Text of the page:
January 20, 2012 in Business

Survey shows support for selling Boy Scouts camp

By The Spokesman-Review
 

On the Web: For survey results, click on Camp Easton Survey Report at www.nwscouts.org/ proposal.

A majority of people answering a Boy Scouts survey on the future of Camp Easton say they think selling it to build a new camp is a good idea.

Earlier this month the Inland Northwest Council of the Boy Scouts of America sent out email questionnaires, with the key question being: Do you back negotiating with the Discovery Land Co. and selling Camp Easton in exchange for a new Scouts camp on another undeveloped site on Lake Coeur d’Alene?

Eight hundred people replied and 61 percent said yes, according to Tim McCandless, the group’s executive.

The question was among more than 15 sent to roughly 8,000 volunteers, Scout members, families of Scouts, supporters and others involved in Scouting. The 800 responses, about 10 percent, was a strong turnout, McCandless said.

McCandless and Scout board members said last year they’re considering selling 380-acre Camp Easton, used by regional and national Scout groups since 1929, to Discovery, sparking strong opposition. Discovery said it would build a new, modern camp on 279 acres near Sunup Bay, on the west side of the lake.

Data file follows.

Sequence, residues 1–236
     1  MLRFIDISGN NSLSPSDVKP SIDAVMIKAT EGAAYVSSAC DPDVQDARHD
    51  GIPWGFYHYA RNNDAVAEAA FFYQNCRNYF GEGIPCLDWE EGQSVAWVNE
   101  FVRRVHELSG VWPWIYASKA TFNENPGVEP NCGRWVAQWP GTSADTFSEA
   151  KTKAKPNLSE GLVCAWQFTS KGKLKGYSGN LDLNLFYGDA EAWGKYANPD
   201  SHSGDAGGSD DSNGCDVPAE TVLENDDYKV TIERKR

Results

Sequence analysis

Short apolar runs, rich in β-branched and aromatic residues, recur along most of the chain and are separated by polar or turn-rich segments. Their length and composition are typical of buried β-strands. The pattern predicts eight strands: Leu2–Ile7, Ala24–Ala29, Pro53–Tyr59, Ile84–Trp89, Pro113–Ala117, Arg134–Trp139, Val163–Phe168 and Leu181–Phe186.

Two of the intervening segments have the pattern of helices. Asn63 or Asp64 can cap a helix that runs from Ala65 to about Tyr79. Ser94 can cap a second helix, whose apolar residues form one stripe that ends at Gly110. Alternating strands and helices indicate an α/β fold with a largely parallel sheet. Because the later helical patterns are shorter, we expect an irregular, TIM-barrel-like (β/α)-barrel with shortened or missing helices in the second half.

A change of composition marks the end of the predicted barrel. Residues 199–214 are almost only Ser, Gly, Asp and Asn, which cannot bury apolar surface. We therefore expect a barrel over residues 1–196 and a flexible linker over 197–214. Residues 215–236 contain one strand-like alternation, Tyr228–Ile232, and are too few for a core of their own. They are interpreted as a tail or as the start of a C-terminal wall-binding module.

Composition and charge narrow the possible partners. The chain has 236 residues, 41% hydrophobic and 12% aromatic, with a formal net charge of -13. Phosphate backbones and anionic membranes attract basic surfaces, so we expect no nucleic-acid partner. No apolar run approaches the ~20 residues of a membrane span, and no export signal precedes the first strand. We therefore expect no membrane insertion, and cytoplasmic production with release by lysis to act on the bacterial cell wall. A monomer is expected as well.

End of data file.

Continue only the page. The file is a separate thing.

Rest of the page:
Opponents say Camp Easton, in addition to offering a rich tradition, is the better location for camping and Scout activities. McCandless and some board members say Camp Easton is in need of several million dollars in building repairs and upgrades. They contend the board needs to ensure the best Scouting experience for future generations.

Another question on the survey asked whether respondents felt the original deed for Camp Easton required it to be used as a camp forever, or whether it allowed for Scout leaders to find another site. About 59 percent said they thought building a modern camp was allowed.

McCandless said the summaries of the answers, and a long list of individual comments on Scout programs and how to improve them, are posted on the Inland Northwest Council website.

The survey results will be evaluated by the council board, and don’t mean the board will automatically approve a sale, McCandless said.

The next step for the board is deciding whether to authorize a group to negotiate a specific set of terms for the camp’s sale. After that, it can review the Discovery offer to decide if it is the best choice, he said.


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